“With the help of Clark and the group at Sonic, we have been able to develop relationships with not only other Sonic franchise owners, but also many other fast food franchise owners, i.e. RPM Pizza, the largest Dominoes franchise. What’s more, we had stories that served as great raw material for our blog
And those stories became the “hook” that generated a phone call from a prospect that I had been nurturing for a couple of years. She finally reached after after reading one of my posts and said, “we need to talk, I need a proposal, we are ready to make a move.Â Enjoyed your blog!”Â With that, we were able to deliver a new proposal, are continuing to finalize details to complete the sale.Â Total price of proposal – $167,000.
The “It Just Makes Sense” Side
And finally, let’s just apply common sense. Of course, my common sense is what you consider lunacy and vice versa, right? ;-)
But, let’s agree that know we can’t control our businesses with 100% certainty.
We do know, however, that there are certain things we can influence (deliberate use of the word) more than others.
For example, we can influence (not entirely, but to a great degree) the experience that our customers/clients have:
- when they engage with our product or service
- when they come in contact with the elements surrounding our product or service (customer service, website, whether your invoice is remarkable or not, etc.)
- when we make it easy for them to share their passion for us with others
- what information we learn about them to increase the relevance of our communications
None of these are simple, but listening (it’s cliche that this is a core part of social media, but heck, it is) and collaborating will make it easier.
Now, compare that with our ability to affect whether we get the attention of an “influencer.”
First off, you need to know that it’s the right influencer. According to Duncan Watts, this is a big assumption.
Second, you usually get a one-shot deal and timing may hurt you. I learned this the hard way back in 2001 when my fledgling start-up got a nice spread in the Washington Post — on September 11.
Third, you need to spend a cultivating the relationship and learning about them (see Jason’s series on pitches for what works — which still takes time) and sometimes you have to spend money with a PR firm that has the relationship (and can’t guarantee the placement anyway.)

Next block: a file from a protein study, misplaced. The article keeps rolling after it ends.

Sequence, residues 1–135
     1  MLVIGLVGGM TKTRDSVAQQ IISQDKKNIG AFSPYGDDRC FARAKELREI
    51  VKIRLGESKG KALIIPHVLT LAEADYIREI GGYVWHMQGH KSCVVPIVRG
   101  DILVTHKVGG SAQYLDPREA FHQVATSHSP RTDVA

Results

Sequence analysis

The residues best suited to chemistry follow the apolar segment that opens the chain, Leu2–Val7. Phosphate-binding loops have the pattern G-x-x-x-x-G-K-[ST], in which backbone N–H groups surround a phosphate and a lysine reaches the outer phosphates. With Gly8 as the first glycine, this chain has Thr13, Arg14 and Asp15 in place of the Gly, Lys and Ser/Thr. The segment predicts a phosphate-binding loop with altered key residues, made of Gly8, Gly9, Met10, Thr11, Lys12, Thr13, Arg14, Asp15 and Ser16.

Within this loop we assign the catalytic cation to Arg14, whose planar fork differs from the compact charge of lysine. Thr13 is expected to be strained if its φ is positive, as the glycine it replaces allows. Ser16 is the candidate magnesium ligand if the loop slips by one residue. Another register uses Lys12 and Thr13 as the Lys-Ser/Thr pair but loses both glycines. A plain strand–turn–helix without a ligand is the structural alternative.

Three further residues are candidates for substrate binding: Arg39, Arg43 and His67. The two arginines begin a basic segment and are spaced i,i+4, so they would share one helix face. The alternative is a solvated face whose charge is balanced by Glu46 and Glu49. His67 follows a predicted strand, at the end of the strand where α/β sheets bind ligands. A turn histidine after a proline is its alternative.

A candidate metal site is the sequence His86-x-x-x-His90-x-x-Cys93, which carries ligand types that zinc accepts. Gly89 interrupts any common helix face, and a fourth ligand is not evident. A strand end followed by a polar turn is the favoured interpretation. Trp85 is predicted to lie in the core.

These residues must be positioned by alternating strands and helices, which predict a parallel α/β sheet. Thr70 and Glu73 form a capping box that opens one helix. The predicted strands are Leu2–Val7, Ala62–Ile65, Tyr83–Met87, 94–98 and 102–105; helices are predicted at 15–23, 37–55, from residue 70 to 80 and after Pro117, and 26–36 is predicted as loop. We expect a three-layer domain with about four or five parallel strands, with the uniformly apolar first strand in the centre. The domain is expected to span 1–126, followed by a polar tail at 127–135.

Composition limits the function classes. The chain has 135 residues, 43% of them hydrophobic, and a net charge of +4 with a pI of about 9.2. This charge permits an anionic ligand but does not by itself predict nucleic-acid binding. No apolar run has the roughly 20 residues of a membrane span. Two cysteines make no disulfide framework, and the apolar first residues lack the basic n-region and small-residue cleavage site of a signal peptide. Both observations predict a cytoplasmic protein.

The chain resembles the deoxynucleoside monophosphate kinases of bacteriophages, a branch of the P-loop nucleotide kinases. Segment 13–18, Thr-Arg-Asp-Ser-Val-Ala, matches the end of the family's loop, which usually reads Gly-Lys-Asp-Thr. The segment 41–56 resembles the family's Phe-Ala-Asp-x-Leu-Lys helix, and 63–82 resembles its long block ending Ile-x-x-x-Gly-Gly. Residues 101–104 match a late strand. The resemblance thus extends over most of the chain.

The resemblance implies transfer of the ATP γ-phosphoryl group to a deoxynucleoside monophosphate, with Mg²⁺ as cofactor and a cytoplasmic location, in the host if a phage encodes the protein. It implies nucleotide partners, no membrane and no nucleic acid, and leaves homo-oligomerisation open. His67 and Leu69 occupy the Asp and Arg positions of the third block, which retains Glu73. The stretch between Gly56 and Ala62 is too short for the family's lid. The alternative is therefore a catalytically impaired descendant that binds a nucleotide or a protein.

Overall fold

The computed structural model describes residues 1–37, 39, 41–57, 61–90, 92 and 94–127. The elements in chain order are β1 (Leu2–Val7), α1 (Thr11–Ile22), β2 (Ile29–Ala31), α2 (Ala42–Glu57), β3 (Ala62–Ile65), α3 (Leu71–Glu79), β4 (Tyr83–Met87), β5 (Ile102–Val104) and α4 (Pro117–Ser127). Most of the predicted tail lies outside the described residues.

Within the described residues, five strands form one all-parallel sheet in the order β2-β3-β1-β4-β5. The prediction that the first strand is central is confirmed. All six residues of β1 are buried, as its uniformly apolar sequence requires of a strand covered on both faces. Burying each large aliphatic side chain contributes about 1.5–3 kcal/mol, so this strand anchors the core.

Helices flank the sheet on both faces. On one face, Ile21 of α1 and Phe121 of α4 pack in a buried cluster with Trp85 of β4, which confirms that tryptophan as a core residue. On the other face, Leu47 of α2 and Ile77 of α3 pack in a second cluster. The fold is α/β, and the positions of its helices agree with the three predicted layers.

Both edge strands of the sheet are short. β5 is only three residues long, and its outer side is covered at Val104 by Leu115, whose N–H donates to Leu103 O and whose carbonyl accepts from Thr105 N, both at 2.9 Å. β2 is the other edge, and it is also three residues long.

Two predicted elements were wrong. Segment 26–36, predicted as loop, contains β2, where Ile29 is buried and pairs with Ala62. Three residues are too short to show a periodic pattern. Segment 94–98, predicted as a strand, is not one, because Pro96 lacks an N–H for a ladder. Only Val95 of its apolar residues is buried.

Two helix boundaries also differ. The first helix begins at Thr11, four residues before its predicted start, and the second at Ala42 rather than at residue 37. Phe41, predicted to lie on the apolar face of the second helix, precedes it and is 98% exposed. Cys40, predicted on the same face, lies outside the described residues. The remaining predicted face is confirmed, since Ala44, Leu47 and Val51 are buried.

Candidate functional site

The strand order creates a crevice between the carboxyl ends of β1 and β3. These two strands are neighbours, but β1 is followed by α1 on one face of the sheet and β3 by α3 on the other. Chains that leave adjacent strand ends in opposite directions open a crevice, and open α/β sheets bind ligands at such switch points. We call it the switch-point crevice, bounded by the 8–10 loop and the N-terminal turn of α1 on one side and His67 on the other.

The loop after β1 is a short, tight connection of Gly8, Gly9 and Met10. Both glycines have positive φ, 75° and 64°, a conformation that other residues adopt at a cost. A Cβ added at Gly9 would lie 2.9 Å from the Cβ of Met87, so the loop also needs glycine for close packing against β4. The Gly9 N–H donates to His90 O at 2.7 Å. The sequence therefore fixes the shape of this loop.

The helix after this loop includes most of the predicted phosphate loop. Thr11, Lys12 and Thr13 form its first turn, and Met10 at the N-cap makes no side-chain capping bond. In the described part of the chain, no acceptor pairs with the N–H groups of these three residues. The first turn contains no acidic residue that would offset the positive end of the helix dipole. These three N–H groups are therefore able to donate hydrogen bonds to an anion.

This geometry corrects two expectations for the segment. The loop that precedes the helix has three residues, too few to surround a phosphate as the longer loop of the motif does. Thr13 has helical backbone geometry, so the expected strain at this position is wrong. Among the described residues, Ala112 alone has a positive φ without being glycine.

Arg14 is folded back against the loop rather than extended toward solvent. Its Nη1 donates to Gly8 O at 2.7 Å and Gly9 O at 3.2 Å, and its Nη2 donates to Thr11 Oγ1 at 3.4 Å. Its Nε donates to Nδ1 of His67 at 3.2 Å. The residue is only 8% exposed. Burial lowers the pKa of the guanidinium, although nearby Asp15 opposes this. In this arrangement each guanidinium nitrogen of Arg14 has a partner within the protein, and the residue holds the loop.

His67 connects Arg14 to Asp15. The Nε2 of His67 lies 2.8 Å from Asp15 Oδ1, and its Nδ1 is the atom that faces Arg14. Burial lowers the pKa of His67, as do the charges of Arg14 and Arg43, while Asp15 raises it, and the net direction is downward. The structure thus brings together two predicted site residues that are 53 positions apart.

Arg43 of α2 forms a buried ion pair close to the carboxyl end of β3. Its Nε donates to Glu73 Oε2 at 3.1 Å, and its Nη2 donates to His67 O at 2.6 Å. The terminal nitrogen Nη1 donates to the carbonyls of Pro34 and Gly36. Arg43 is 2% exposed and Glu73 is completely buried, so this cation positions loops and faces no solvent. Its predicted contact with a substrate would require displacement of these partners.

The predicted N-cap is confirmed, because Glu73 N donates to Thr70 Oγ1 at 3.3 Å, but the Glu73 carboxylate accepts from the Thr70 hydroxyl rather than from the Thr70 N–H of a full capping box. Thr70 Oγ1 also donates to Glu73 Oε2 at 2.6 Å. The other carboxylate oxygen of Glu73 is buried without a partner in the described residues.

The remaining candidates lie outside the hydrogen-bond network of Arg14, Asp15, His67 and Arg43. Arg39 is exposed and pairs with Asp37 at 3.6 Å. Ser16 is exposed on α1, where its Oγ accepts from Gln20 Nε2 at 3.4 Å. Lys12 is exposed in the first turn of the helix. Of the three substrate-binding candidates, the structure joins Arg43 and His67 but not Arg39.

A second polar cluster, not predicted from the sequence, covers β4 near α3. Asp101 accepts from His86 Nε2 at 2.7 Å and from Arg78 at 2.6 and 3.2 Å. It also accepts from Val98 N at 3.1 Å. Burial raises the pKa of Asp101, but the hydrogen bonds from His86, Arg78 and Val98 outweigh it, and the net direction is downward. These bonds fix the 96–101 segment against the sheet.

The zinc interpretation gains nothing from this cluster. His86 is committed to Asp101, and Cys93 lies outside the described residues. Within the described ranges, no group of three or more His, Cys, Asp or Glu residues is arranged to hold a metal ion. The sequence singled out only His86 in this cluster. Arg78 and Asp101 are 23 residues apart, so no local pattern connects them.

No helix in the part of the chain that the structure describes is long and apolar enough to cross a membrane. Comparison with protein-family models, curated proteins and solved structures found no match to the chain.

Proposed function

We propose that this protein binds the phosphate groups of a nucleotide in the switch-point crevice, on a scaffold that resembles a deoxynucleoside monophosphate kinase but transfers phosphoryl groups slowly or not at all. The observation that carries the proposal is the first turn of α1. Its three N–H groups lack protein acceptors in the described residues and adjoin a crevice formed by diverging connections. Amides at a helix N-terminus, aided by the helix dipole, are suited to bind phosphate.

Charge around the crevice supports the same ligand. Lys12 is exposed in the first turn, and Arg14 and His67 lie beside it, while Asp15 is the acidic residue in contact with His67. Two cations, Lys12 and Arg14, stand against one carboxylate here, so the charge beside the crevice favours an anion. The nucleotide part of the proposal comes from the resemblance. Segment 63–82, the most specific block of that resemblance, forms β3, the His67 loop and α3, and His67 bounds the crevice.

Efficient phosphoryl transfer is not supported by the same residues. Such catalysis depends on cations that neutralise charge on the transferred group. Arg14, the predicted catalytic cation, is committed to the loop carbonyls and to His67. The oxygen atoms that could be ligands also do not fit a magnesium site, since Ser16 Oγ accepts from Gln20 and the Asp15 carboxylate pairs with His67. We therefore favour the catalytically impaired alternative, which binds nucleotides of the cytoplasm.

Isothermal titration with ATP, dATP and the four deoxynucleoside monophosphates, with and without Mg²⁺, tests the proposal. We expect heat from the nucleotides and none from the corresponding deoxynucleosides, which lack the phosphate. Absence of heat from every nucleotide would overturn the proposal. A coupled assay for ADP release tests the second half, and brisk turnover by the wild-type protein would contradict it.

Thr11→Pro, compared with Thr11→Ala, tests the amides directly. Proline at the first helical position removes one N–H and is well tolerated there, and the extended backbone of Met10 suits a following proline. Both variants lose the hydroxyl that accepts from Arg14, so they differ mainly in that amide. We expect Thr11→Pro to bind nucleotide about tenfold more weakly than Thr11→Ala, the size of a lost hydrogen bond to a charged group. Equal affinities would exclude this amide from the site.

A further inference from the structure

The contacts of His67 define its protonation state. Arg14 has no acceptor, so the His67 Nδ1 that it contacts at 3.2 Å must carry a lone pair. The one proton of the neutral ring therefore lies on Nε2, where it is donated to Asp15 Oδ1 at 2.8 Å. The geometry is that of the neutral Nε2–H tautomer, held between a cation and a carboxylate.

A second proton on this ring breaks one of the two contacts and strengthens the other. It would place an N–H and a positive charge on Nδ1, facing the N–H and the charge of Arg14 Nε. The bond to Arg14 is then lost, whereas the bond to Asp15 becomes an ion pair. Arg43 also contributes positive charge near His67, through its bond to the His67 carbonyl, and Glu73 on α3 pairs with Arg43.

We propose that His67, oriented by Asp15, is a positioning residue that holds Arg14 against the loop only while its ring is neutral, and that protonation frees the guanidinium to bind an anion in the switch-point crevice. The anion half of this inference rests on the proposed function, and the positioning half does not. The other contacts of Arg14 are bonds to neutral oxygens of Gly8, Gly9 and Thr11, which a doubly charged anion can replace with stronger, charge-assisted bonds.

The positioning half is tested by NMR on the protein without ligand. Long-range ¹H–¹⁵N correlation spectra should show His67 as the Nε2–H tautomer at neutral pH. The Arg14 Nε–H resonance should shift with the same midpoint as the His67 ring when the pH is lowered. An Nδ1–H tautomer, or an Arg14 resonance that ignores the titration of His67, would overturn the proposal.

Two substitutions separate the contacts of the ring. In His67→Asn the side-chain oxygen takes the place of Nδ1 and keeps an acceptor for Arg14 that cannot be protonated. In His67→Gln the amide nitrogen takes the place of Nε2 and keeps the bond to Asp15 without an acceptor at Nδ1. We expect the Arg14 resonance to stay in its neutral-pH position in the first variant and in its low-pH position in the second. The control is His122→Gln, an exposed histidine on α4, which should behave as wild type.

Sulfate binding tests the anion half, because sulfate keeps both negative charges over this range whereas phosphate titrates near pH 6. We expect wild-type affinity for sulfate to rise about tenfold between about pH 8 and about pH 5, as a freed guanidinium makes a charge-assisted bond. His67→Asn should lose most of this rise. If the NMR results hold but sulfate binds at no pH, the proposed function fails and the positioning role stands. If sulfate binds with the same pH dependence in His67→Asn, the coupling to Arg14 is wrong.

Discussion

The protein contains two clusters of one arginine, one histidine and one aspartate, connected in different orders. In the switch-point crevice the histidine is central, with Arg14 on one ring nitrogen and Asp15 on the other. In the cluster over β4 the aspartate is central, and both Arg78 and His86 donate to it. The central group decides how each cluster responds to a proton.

Lastly, the high profile influencer is most likely not going to keep spreading the word about your product or service. After the one post or tweet or mention, it has become old news.
Your Raving Fans, however — they are with you for the long haul. It’s like the Long Tail of customer passion and you can ride it on down for a while.
As is often the case in the blogosphere, some of the best content on a blog comes from the comments and Andrew Mueller’s effort is no exception, so we’ll point to his (edited) thoughts to help summarize.
I just read the interview with Watts, and think that in the real world “influencers” for your product find you (not the other way around) because you create a brand distinction that drives an emotional attachment to your product service or company.
You can reach out to industry “influencers” to get the word out but in my opinion, it is the sheer numbers of raving fans that your brand distinction creates that will result in the greatest effect on ROI.Â In conclusion, IMO it would be wise to focus energy on creating products with true distinction and communicating that distinction at every touch point.
Then, work with those fans you’ve created, listen to what they suggest, and together, go out and spread the world. Marketing used to be about leading everyone to find the promised land of customer revenue.
Now, your job is to provide the strategic and tactical support that your evangelists require so that they can help find the new sources of customer revenue for you.
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- Influencer marketing intro at IABC 2009 World Conference (thecustomercollective.com)